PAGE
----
Atlases were being produced by many publishers in different parts of the United States and many of them were done for this area. A lot were produced, particularly in the centennial year of 1876, of different counties. All but 10 or 11 counties were done at some point for Pennsylvania. These atlases didn't have a lot of information on the individual plates because the areas weren't usually developed yet. They were a lot like Witmer's Chester County atlas [Note 5]—they would have detailed information on a borough or city for lot lines and properties. But when they did rural townships, the plates had a survey of the township and some of the owners names placed on the maps without property lines.
The first book I know of that was different, at least in this area, was an 1881 atlas by Hopkins—Bryn Mawr and Vicinity [Note 6]. It covered one and a half miles on either side of the Pennsylvania Railroad tracks, an area originally considered the Main Line. It was a narrow stretch. The people from Gladwyne aren't very happy when I tell them they're not on the original Main Line. They're past it by a mile and a half.
In the early 1900s we start to see more atlases produced for the Main Line suburban areas. Atlases were entitled farm atlases, real estate atlases, plat books. The ones around here, in many cases, were called railroad atlases. They're all pretty much the same thing. One is titled Property Atlas: Main Line Pennsylvania Railroad from Overbrook to Paoli [Note 7]. The Pennsylvania Railroad had nothing to do with producing these atlases. Instead, the publishers traded in on the recognition of the name of the railroad to sell their books. Here's a story. A fancy Main-Liner had a party. The people who came by rail were a half hour later arriving than the “scheduled” time. The host, upset, called the owner of the railroad, A. J. Cassatt. Mr. Cassatt promised it would never happen again. The next day, he took care of it—he took the train station down.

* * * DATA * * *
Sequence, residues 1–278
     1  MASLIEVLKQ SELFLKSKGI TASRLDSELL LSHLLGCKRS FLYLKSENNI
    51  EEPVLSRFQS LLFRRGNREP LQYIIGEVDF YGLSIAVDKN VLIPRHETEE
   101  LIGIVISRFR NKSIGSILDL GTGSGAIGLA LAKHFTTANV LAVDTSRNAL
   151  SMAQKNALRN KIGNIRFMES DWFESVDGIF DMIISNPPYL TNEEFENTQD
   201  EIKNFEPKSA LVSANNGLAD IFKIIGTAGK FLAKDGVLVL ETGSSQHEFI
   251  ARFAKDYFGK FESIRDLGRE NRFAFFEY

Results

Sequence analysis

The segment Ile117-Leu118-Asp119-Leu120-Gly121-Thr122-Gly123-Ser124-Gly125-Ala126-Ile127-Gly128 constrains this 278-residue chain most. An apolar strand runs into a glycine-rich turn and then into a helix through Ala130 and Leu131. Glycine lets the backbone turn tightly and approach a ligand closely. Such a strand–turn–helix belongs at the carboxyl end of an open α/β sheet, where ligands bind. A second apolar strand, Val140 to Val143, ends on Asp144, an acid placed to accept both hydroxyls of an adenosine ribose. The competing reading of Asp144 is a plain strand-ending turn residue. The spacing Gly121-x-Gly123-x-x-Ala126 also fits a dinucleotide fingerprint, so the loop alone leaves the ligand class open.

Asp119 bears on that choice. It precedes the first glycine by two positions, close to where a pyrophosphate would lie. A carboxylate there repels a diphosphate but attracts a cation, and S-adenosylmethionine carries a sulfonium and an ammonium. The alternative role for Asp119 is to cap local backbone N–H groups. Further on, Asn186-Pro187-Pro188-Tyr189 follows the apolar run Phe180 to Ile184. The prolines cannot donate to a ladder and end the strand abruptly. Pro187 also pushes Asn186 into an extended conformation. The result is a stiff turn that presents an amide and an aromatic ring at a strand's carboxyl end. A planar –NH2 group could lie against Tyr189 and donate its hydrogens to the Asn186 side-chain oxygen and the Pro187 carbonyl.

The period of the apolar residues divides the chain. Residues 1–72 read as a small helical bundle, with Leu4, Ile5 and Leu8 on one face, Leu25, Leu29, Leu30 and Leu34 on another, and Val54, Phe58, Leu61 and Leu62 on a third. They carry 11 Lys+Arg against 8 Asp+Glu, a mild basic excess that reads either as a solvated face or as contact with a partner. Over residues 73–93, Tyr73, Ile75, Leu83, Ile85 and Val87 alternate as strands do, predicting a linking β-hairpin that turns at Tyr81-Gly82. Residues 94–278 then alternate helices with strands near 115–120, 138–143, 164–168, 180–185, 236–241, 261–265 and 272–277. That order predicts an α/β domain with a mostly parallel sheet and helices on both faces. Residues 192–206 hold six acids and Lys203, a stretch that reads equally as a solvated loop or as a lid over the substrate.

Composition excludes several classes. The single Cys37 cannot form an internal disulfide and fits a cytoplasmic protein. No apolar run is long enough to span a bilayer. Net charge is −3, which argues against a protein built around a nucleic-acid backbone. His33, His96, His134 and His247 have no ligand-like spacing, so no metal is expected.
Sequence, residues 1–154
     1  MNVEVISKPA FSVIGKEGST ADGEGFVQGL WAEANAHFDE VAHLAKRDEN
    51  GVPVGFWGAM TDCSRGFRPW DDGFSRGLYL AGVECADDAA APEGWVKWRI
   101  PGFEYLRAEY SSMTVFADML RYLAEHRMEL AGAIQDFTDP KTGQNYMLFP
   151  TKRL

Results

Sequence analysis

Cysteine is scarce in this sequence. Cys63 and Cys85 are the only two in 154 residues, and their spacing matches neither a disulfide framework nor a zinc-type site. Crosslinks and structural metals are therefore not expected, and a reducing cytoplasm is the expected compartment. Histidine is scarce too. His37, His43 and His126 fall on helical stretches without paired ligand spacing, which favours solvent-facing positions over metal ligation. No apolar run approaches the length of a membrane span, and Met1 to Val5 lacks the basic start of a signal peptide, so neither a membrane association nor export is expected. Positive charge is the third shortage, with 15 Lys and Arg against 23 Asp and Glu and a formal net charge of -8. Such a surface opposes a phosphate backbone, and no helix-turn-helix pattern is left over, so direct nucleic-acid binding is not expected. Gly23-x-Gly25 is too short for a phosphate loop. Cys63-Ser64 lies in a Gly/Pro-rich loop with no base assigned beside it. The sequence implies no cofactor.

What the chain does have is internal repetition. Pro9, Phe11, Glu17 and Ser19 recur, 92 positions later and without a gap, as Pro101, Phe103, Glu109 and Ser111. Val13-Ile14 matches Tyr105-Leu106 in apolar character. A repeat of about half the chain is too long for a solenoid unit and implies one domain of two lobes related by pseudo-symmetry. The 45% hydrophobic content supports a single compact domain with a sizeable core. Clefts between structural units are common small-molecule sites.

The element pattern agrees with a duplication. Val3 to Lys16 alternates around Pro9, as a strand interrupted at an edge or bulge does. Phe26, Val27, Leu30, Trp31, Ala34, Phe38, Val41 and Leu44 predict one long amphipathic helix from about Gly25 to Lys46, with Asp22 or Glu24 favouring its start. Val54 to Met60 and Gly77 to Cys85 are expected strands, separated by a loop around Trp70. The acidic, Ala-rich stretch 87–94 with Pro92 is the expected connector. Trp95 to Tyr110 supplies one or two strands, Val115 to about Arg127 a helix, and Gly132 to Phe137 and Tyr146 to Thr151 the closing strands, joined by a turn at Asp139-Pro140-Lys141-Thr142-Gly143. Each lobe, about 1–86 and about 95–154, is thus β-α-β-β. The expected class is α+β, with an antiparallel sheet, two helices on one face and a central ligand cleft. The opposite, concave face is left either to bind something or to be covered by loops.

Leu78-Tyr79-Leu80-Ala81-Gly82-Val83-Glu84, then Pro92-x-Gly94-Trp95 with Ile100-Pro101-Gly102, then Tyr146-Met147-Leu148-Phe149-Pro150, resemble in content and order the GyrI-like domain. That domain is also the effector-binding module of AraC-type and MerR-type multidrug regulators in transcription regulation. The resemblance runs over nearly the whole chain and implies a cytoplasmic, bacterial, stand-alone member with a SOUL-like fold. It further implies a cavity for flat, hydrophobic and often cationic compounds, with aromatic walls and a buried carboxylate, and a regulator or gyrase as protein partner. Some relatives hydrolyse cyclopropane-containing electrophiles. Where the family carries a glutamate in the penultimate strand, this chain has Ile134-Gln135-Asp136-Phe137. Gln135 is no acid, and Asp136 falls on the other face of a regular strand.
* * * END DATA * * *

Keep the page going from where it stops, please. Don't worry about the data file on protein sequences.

The people who owned the railroad also owned the Lancaster Turnpike with the tollhouses. Maybe you've seen pictures or postcards of the tollhouses. The idea was to keep the turnpike tolls high so people would use the railroad. The Lower Merion Historical Society asked me to scan a poster that a member found in a frame behind a picture. I scanned it and printed it and we now have a very large poster showing the prices of the tolls on the turnpike in probably the early 1900s.
If you translate these prices into today's terms and totaled all of them for one day, you could probably clear the debt of two or three townships in the area. For example, here's one of 67 cents. The green ink figures on the poster are charges for automobiles carrying six or more and less than twenty persons. Automobiles carrying more than 20 persons were charged double. Black ink figures are charges for automobiles carrying two persons, red ink figures for automobiles carrying four persons only. All the stops on there, all the way through. It gives you an idea of how many toll stops they had on Lancaster Avenue. That's what Cassatt was doing. If the atlases had been supported by the railroad, there would have been advertisements or information indicating that the Pennsylvania Railroad backed them. There aren't any.